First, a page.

WASHINGTON — Costs associated with the imposition of additional tariffs on Chinese goods under Section 301 provision "would cause severe economic harm to the U.S. automotive industry and U.S. consumers," Auto Care Association President and CEO Bill Hanvey testified Aug. 23 before the U.S. Trade Representative (USTR) in Washington.
The proposed tariffs are part of the USTR's Section 301 investigation to address unfair acts, policies and practices by China that are related to technology transfer, intellectual property and innovation. Two tariff lists on imports from China already have been finalized and duties have gone into effect.
"The greatest impact from this action will be on U.S. consumers who will experience higher repair costs, likely leading to the delay of critical vehicle maintenance procedures that may result in serious highway safety concerns," Mr. Hanvey testified at hearings held the week of Aug. 20.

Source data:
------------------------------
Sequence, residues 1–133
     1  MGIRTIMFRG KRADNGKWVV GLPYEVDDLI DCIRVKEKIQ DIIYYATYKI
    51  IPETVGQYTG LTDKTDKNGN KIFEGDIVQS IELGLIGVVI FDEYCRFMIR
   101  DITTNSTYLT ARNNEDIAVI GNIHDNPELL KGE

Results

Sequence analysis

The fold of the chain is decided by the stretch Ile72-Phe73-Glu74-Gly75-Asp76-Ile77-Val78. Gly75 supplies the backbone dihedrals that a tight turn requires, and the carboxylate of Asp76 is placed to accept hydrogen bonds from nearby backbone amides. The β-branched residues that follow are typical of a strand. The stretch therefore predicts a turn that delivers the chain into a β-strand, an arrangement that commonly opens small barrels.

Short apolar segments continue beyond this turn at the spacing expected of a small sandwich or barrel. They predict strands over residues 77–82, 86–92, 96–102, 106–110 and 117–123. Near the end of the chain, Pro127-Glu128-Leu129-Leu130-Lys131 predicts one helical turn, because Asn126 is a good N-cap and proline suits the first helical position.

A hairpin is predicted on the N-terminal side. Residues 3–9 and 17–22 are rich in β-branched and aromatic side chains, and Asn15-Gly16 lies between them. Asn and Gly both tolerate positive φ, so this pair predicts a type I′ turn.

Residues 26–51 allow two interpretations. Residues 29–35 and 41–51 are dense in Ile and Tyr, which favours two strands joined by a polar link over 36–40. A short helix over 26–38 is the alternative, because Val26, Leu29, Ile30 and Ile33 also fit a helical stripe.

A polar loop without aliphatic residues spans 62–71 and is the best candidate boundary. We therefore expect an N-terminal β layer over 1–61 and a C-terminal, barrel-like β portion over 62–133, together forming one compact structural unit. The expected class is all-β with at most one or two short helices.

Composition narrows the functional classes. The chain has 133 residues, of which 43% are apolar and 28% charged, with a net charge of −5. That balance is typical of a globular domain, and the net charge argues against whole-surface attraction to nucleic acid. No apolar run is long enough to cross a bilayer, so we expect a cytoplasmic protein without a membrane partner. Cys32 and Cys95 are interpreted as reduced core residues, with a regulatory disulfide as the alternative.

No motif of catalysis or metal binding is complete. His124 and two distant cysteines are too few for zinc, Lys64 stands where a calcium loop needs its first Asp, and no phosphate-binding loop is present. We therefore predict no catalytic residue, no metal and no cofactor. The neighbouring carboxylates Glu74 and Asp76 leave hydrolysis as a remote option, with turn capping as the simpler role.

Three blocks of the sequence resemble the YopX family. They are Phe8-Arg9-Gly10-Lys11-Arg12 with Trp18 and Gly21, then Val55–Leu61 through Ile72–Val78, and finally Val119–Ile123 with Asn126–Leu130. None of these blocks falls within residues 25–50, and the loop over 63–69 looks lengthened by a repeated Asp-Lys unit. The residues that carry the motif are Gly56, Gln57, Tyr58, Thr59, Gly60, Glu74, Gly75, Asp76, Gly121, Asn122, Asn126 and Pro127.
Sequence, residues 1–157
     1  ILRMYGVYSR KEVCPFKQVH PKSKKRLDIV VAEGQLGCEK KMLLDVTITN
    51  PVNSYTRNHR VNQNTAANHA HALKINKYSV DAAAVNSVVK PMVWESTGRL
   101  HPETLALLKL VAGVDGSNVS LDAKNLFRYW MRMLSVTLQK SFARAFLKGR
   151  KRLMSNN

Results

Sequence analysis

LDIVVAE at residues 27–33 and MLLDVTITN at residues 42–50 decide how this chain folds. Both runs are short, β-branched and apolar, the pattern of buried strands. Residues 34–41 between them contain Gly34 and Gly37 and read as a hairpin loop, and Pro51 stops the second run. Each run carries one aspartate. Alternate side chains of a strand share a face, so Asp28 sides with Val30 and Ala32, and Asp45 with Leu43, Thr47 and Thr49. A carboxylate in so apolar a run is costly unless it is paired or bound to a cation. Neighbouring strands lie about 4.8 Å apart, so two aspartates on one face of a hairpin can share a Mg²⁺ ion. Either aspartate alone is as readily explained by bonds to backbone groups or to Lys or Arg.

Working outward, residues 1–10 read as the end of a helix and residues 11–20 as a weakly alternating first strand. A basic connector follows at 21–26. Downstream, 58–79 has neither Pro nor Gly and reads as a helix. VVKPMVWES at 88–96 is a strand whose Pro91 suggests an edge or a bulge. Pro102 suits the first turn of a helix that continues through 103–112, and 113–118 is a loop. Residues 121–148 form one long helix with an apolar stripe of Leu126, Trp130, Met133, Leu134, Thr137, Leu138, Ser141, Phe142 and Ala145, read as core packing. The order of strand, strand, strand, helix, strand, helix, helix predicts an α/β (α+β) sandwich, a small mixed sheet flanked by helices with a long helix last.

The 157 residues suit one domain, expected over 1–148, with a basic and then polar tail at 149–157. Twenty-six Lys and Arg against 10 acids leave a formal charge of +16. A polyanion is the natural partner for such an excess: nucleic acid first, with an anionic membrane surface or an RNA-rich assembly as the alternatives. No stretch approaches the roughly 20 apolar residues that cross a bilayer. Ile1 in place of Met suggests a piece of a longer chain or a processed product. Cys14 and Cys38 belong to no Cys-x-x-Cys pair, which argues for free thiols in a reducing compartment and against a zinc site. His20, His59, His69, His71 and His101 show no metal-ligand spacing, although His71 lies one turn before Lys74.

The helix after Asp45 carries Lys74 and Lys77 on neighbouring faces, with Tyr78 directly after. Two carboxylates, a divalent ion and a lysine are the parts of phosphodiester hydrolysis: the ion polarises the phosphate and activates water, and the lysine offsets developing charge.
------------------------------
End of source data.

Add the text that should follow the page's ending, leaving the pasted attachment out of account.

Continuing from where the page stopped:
An example of this is brake rotors, he said, which longer are manufactured in the U.S. despite increased demand due to the number of vehicles on the road.
"Considering that there are over 2,600 different part numbers in the brake rotor sector, there is no viable option to meet the demand, nor any source of the parts in the U.S. market for every year, make and model vehicle on the road," Mr. Hanvey said.
"Therefore, regardless of any tariff imposed, brake rotors will continue to be imported, the vast majority from China."
Mr. Hanvey explained that imposing tariffs would raise prices for consumers and delay repair of critical vehicle wear items that need to be replaced to ensure passenger and pedestrian safety.
The ACA urges the Trump administration to continue engaging in dialogue with China to protect U.S. investments and promote free, fair and reciprocal trade, but the trade association does not believe the imposition of tariffs would eliminate China's unfair trade practices. Instead it would raise prices for U.S. consumers, and cause U.S. companies to be less competitive in the U.S. and in global markets.
Mr. Hanvey was one of eight tire and/or automotive aftermarket industry representatives who testified on the Section 301 tariffs.
Others were: Walter Weller, China Manufacturers Alliance L.L.C.; Jason Rook, Tube & Solid Tire Ltd.; Tim Miller, Lionshead Specialty Tire & Wheel; Derek Zhang, Transamerica Tire Co. Ltd.; Dennis Mangola, Chatsworth Tire Inc./DMC Consulting Inc.; and Ann Wilson, Motor & Equipment Manufacturers Association (MEMA).
Mr. Hanvey's full testimony can be read on the ACA's website.